Securing the Black vote is pivotal to winning an election. Yet instead of pandering to catch the Black electorate's eye or maybe running on platforms that would actually help their lives, Donald Trump is being accused of taking the back door by discouraging Black Americans from hitting the polls.

Trump allegedly created a concentrated "secret effort" to sway about 3.5 million Black voters from voting in 16 battleground states—some of which he narrowly won, the Guardian notes. He did this by deliberately targeting Black voters with negative ads about Hillary Clinton via Facebook which damaged the Black Democratic vote. 

These claims come as the result of an investigation by Channel 4 News. During the investigation, the British news program leaked a copy of a vast election database it says was used by the Trump campaign in 2016. The database contained the records of 198 million Americans and included details about domestic and economic status acquired from market research firms.

It also segregated voters into eight categories. The category called "deterrence" listed voters who were likely to vote for Clinton or not vote at all. This category was disproportionately Black and targeted by Trump's campaign team. The goal was to convince the potential voters that not hitting the polls was better than voting for Clinton. This was done by using "dark adverts" on their Facebook feeds that attacked Clinton and often argued that she doesn't care about the Black population.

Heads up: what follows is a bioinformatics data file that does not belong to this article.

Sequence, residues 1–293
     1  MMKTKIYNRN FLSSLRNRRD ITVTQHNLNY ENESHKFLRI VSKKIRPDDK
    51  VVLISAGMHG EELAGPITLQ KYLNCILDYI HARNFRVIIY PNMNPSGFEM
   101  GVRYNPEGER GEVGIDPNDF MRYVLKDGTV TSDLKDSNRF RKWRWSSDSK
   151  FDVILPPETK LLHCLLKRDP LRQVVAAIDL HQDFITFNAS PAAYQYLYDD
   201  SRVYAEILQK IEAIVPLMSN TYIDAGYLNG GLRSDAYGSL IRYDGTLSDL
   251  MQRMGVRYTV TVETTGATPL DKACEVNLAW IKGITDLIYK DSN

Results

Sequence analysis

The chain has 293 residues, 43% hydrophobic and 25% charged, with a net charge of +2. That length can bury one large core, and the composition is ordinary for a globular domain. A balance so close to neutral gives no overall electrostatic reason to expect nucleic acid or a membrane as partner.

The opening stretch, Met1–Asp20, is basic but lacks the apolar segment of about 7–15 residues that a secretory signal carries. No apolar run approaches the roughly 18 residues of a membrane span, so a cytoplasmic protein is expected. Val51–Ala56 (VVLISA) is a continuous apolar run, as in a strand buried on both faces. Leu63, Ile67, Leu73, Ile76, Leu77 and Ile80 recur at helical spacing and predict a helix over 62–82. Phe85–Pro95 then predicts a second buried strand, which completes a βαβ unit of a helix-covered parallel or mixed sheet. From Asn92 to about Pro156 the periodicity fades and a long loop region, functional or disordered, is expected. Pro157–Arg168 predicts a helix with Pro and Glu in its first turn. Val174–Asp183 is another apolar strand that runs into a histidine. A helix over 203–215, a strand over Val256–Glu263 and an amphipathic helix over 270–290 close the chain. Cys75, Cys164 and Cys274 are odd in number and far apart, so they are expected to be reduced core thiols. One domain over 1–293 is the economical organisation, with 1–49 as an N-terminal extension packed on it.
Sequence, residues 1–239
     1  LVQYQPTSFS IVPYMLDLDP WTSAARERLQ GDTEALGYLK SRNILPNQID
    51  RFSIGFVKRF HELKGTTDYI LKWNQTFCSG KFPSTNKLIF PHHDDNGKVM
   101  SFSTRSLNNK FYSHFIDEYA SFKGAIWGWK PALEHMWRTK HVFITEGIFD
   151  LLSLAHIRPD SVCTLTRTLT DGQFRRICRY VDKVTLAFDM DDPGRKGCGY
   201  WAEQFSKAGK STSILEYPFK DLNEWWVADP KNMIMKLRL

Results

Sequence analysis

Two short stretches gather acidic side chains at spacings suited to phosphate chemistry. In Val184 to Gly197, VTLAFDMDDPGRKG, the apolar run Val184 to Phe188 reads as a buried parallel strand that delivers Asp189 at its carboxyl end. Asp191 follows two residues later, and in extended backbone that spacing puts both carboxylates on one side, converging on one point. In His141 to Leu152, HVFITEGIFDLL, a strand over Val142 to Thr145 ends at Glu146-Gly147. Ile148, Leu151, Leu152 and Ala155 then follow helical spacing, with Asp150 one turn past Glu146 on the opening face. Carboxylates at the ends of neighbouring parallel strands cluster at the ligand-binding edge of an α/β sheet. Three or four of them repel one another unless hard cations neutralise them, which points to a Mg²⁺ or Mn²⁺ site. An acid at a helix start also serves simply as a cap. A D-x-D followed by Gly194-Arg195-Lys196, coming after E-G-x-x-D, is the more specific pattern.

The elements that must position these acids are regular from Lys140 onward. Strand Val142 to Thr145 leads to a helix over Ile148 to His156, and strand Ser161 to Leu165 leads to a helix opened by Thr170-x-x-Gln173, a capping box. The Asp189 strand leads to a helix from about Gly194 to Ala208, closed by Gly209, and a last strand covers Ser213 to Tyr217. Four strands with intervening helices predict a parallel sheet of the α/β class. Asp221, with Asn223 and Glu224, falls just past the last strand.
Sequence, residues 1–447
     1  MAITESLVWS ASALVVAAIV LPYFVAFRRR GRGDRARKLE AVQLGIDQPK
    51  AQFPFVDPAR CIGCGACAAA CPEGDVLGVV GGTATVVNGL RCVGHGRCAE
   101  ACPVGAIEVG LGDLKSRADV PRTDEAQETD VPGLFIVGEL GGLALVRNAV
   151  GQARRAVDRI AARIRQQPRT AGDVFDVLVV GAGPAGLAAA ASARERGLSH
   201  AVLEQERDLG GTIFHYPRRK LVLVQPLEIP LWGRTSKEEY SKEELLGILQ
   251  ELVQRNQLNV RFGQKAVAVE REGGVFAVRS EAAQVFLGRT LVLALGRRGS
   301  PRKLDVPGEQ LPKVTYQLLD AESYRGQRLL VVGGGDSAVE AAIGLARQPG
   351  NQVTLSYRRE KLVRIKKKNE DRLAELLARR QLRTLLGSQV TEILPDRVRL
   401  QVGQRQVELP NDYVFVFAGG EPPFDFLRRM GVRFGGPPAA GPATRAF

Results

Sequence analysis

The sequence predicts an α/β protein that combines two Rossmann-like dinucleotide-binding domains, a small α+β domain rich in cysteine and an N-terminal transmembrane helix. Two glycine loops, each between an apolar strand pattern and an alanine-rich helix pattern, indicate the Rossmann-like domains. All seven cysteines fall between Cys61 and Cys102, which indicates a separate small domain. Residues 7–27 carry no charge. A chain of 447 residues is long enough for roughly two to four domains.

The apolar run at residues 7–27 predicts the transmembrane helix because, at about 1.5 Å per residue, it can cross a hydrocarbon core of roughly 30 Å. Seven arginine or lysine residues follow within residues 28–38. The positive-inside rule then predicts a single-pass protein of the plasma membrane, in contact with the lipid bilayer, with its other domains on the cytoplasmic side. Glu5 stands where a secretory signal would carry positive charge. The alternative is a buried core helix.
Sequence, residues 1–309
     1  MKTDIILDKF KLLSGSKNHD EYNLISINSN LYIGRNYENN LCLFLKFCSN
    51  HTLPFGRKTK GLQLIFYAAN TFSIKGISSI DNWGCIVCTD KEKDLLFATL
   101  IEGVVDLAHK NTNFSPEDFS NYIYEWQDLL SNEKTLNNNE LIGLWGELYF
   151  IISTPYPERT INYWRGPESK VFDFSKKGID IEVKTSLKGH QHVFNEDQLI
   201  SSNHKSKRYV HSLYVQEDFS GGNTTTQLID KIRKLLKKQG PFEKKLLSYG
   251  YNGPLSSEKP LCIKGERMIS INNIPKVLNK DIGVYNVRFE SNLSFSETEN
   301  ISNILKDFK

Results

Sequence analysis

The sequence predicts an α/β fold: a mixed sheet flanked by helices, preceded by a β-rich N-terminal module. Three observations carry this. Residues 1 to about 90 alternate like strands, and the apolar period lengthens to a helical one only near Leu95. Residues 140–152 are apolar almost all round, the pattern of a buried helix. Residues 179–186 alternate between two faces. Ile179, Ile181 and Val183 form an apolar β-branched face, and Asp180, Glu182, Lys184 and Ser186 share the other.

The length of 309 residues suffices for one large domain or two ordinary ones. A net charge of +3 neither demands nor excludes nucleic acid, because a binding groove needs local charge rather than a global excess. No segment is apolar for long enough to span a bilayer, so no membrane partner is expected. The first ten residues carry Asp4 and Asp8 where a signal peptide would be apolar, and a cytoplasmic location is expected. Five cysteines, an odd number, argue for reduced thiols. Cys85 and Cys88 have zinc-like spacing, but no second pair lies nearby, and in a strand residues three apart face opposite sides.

The effort was reportedly created by Cambridge Analytica. The election consultant company stopped trading last year after it was revealed that it uses unethical tricks to help candidates win elections like gaining unauthorized access to Facebook information. Trump's effort led to millions of Black voters who turned out to vote for Barack Obama in 2012 staying home when Hillary Clinton was running for president.

As imagined, Trump's attempt to suppress the Black vote did not sit well community leaders. 

"So, we use data—similar to voter file data—but it’s to motivate, persuade and encourage folks to participate," the vice president of the NAACP said to Channel 4 when asked about the investigation. "We don’t use the data to say who can we deter and keep at home. That just seems, fundamentally, it’s a shift from the notion of democracy."

Facebook will not confirm how many ads were run by Trump in 2016 but it did say that "since 2016, elections have changed and so has Facebook—what happened with Cambridge Analytica couldn’t happen today." Trump and his administration have previously denied the accusations and declined to comment on the investigation.